1. McGraw as a hero? Why haven't I seen this film? After your review I think it imperative that I do so.

  2. McGraw is so cool. If I'm remembering correctly, there's a POV shot in this film of one of the thugs as he is kicked in the face! It's wild. Great write-up as usual, Dave.

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  4. This is a great little film Dave, Fleischer actually made quite a few good small budget noirs, The Clay Piegeon, Armored Car Robbery, Violent Saturday (which you listed earlier) and Follow Me Quietly. I love train films, don’t ask me why, maybe it has something to do with the claustrophobic atmosphere they create. The remake with Gene Hackman is decent but nowhere near as good and MacGraw, what a hard-ass he always is (lol). Of course, George Diskant is the cinematographer making another appearance has to be given some credit here. I would have pushed this up the listing a bit but that is nether here nor there. Great review Dave.

  5. I love this film, too. Marie Windsor is a fantastic femme fatale, and Charles McGraw brings real edge and energy to his cop role. What's most striking about the film, though, is its deft handling of the tight spaces of the train, the way the camera follows McGraw back and forth through these corridors, capturing the claustrophobic tightness that forces him to squeeze by other passengers and dodge through the corridors trying to keep the bad guys guessing. It's great stuff. I also love the scene — I won't spoil it — with the phonograph; if you've seen the film you'll surely know what I mean.

  6. It has a wonderful noir look that begins to dissipate once the action takes place on the train. Overall though this is a good film that deserves your high placement. Windsor is wonderful as always. Some plot holes hurt the film slightly. I did read somewhere though that a scene was removed by the studio which contributes to this......M.Roca

  7. I don't think I've valued this film as much as many have, even though I'll concede as far as low budget "B" films go this is as economical as they come especially in the taut screenplay and the setting. I thought there was one unfortunate flaw that made a critical matter come off as unbelievable, but I agree with you that this is as effective and action film as a noir. This is the third time in your countdown where you have picked a film photographed by George E. Diskrant, and his work is again exceptional. By rights this film should make my runner-yp list for 1952, but I've never quite thought of it in those terms.

    This is among your best essays for the series.

  8. Samuel - Check it out ASAP! The DVD is outstanding and looks great.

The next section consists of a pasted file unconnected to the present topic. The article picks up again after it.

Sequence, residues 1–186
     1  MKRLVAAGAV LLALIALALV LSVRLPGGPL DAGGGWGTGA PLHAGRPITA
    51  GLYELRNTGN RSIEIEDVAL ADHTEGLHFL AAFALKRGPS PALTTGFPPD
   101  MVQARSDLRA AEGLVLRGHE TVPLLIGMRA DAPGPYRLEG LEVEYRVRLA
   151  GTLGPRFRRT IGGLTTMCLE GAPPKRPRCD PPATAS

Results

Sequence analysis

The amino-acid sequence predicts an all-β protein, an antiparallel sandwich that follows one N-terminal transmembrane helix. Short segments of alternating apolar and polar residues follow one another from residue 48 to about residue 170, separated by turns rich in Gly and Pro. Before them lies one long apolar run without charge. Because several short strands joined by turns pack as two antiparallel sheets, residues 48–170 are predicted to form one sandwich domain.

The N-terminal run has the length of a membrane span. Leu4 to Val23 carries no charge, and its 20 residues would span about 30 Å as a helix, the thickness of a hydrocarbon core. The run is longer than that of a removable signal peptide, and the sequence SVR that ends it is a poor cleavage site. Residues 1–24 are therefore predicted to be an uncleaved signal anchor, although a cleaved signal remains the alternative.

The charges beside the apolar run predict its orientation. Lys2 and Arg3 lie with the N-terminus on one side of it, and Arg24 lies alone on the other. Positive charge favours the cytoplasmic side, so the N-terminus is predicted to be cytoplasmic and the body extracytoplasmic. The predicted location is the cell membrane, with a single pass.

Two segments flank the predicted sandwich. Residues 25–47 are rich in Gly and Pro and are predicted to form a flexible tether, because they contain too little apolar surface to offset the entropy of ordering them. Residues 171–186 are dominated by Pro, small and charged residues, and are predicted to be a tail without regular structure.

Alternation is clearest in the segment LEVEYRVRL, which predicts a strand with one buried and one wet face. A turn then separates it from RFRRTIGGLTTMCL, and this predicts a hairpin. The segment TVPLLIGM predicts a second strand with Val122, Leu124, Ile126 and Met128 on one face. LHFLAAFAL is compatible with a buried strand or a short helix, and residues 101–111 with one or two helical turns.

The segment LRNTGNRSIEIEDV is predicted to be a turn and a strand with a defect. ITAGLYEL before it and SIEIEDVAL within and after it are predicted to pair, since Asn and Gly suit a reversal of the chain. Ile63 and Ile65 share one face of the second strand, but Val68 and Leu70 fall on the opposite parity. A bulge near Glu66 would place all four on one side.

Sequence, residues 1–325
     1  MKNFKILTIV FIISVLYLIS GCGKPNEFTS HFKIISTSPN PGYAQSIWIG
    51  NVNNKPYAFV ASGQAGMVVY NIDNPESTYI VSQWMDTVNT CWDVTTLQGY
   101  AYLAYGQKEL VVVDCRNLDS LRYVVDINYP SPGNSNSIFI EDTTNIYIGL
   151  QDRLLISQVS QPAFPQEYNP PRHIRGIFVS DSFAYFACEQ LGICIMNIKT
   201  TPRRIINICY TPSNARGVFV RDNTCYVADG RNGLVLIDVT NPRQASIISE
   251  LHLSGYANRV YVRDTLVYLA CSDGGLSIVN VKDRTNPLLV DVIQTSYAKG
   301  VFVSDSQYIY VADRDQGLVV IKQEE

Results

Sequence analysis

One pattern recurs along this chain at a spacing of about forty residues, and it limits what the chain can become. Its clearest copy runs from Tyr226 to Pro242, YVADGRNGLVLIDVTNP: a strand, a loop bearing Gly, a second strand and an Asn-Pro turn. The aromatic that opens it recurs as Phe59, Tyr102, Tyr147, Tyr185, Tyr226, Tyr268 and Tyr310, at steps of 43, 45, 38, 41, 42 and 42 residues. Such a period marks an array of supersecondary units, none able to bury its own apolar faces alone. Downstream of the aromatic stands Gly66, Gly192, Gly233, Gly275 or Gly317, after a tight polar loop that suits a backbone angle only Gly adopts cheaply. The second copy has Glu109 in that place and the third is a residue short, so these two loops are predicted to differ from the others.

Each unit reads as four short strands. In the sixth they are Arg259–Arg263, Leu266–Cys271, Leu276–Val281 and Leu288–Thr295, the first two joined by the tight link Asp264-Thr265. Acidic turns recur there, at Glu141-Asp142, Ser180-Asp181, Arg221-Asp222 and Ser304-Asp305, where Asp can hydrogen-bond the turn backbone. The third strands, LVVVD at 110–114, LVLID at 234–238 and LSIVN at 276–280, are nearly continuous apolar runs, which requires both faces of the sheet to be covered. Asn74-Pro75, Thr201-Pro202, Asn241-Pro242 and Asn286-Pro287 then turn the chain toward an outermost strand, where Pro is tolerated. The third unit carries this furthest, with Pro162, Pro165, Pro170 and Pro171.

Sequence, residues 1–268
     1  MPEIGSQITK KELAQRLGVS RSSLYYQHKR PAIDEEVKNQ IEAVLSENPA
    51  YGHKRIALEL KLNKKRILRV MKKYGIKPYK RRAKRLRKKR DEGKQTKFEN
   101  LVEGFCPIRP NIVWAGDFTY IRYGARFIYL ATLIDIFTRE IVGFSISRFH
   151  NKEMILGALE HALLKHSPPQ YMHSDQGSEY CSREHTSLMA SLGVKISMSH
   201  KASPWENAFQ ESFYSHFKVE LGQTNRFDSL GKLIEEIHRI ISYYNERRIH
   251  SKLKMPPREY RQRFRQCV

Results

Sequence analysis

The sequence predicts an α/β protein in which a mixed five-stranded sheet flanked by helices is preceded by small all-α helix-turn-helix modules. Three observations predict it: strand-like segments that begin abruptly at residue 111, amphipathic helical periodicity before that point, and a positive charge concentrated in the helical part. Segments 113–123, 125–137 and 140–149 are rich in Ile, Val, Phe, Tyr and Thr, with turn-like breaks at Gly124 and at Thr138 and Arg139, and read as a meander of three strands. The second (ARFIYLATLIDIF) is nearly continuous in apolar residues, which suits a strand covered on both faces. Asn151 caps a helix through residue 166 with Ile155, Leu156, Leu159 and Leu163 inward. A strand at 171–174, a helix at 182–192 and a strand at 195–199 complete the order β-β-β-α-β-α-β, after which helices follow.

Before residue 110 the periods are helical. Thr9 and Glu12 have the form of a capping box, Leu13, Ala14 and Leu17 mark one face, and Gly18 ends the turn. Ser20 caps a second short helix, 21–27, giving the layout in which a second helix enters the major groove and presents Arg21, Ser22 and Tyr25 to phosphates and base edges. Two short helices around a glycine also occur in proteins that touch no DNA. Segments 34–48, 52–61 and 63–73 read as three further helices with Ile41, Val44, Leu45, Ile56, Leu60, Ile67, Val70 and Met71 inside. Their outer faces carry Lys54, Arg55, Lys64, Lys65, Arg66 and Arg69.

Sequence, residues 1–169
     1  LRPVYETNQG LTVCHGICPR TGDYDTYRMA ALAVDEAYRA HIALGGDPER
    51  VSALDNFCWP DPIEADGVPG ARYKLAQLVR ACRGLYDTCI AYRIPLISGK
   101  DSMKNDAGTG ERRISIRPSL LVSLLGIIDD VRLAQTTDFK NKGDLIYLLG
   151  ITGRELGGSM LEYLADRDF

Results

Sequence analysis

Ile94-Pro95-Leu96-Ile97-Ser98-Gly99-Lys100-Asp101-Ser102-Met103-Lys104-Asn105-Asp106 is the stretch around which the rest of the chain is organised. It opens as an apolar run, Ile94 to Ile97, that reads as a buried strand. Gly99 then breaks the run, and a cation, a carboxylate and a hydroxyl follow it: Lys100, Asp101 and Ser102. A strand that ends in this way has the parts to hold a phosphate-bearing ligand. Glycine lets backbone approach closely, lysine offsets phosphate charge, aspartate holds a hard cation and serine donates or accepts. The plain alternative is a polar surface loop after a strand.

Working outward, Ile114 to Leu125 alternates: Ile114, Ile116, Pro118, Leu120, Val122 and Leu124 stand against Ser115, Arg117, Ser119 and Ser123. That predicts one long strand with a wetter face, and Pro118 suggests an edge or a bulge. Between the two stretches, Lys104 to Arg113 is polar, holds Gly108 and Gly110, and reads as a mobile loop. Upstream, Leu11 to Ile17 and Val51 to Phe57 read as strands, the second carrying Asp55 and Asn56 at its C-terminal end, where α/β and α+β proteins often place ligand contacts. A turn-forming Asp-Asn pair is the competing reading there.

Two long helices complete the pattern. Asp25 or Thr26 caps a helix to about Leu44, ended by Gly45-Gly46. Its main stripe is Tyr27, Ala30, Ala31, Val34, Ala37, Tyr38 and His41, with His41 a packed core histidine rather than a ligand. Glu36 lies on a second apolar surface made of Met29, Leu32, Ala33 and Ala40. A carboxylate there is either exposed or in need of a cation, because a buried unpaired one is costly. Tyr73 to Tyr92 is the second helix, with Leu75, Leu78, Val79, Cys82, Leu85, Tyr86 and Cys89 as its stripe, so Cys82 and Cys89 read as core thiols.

Doniphon - Yes, there are some very cool shots in this film. I really like that screencap I have in the write-up, of McGraw looking out the window of the train and seeing the carload of hoods that is following to meet him when they stop.

    7tavern - I have no clue how to respond to this, but thanks for the kind words!

    John - Yes, it very easily could have been higher, but it's getting so tough to separate them now!

    Ed - Yes, Ed, I tried not to spoil anything with this the review also! But your comments here are spot on.

    M.Roca - The possible plot holes have never really bothered me. A bit far-fetched at times? Yes, but that comes with the territory in thrillers of the era.

    Sam - Thanks on the compliment for the essay! This is one that certainly might not completely blow someone away, but in the end it's impossible not to acknowledge that Fleischer got some great results here.

  9. Loved it, and not only the twist at the end. McGraw playing a non-villain is something fresh, too.

  10. ***SPOILER***

    Sorry guys, but Marie Windsor is not a femme-fatale in this one, as the twist makes clear.

    It is a solid thriller, which starts off in noir mood but develops into a smart thriller with few noir pretensions.

    For me this film is all about Marie Windsor as the dame in trouble scrapping with her cop protector. She dominates every scene with her aura of sex, excitement, and nervous fear. Her great lines are delivered flawlessly with great rolling of her incendiary eyes and almost always with a cigarette in her mouth or hand. You don’t want this vixen to leave the screen.

    She is brutally bumped off towards the end, and to my exasperation is never alluded to again. This cheapens the rest of the story for me, because she is the one character who is exposed to the most danger, and merits the greatest kudos. To be simply forgotten is almost misogynistic.

    Howard Hughes as then owner of RKO had a hand in screwing the screenplay...

  11. The classic fight scene in the train was ripped off by Sean Connery and Robert Shaw in "From Russia, From Love".

    Despite no mention at all regarding Marie Windsor's brutal demise at the end of the film, it is well worth watching.

    A underrated gem of a film.